Wines included a wine from southern Spain—a 2015 Alaya Tierra from Bodegas Atalaya. This wine is made from a single (pretty rare) varietal, Garnacha Tintorera (also known as Alicante Bouschet), which makes for a very unique tasting red. The Sonoma County favorite and staple Louis M. Martini Cabernet Sauvignon was another highlight, as was the very aromatic Famille Perrin Lagille Gigondas from Rhone, France.
Event #2: Stock Island Shrimp Boil
There are very few delicacies quite as delicious as the mighty shrimp. And in Key West, the adjacent waters are home to some of the tastiest examples. For those lucky enough to partake in the Key West Food & Wine Festival, on Stock Island offered a traditional at its restaurant the . It not only featured fresh Key West pink shrimp and royal red shrimp, but also plenty of other staples including black bean fritters, corn on the cob and (of course) Key lime pie. Key West pink shrimp has to be my all-time favorite type of shrimp, with its vibrant color and sweet and mild flavor.
Just steps from where boats offload their salty catches, the 100-room boutique Perry Hotel hosted guests wanting to sample the freshest seafood Key West has to offer. And since the shrimp was likely swimming that morning and brought to the dock fresh, there could have been no better way to do it. Event planners went so far as to pair the boil with meticulously selected wines. What could be better than fresh seafood and a perfectly paired wine?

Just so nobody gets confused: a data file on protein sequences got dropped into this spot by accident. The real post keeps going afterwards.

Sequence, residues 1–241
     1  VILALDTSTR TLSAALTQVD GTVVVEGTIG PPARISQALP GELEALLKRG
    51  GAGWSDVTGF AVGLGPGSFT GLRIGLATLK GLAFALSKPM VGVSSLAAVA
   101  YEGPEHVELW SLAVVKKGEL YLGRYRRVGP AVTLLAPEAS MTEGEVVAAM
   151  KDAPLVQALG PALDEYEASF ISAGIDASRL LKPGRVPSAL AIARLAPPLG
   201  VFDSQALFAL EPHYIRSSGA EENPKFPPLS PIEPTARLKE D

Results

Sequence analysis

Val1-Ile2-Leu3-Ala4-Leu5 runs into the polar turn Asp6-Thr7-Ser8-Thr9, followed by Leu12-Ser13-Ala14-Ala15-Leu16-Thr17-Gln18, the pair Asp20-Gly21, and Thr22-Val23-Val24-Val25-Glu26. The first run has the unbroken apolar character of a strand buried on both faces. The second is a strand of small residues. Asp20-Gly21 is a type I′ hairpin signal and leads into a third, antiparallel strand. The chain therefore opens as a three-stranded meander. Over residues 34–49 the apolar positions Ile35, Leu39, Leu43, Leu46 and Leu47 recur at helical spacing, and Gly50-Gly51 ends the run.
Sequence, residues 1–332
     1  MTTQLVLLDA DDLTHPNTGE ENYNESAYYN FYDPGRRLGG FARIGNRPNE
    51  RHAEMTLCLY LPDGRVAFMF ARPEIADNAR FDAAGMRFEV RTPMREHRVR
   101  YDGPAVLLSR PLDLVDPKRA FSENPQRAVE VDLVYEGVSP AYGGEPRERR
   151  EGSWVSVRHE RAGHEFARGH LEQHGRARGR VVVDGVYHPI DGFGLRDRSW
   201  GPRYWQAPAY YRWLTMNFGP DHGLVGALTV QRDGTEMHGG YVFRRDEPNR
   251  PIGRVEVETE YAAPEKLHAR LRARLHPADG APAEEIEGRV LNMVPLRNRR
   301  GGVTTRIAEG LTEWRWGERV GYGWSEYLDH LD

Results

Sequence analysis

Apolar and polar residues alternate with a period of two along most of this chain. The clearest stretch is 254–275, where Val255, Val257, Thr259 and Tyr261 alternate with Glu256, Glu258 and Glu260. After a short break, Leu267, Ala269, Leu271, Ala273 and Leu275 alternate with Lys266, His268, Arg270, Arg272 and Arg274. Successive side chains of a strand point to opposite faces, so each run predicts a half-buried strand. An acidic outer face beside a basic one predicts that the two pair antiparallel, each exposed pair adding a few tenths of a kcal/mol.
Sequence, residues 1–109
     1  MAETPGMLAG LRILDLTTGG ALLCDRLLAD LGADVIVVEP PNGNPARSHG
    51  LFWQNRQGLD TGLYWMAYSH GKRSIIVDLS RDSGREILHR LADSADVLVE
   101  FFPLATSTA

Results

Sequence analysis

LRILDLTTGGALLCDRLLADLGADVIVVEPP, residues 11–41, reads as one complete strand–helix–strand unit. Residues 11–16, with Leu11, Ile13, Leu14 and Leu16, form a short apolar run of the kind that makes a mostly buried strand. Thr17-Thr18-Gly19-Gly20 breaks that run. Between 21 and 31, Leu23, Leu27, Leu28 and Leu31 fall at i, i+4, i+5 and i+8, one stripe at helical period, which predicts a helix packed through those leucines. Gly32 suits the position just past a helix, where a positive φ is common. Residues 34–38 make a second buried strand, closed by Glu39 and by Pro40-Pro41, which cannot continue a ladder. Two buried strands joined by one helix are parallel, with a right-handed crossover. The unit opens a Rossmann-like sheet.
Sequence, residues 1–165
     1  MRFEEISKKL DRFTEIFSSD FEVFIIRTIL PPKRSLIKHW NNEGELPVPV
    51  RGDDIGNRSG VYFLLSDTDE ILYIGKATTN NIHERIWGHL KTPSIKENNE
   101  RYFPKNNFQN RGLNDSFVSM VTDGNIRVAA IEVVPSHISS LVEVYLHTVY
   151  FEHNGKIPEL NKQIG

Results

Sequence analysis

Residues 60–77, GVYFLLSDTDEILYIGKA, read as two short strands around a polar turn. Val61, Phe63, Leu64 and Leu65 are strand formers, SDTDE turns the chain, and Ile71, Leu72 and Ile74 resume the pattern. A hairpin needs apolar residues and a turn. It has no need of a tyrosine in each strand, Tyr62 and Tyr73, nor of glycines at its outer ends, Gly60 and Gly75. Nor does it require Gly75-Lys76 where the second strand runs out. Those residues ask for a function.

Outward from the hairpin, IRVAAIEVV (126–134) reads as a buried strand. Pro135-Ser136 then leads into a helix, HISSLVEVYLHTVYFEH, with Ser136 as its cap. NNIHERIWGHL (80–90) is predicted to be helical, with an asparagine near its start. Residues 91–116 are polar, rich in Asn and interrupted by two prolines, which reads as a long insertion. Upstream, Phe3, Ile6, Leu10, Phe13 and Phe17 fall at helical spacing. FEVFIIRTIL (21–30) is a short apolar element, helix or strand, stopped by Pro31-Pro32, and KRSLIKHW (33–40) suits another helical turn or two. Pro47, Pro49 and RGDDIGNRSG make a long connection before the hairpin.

Event #3: Cirque du Champagne
As the sun set on Friday evening, the waterside pool at transformed into a sassy circus with jugglers, aerialists and stilt-walkers. As the name indicates, champagne poured among with visually stunning sights and culinary treats that delighted us all. Champagnes from popular wineries like Moet & Chandon and the Domaine Bousquet Rose were good choices.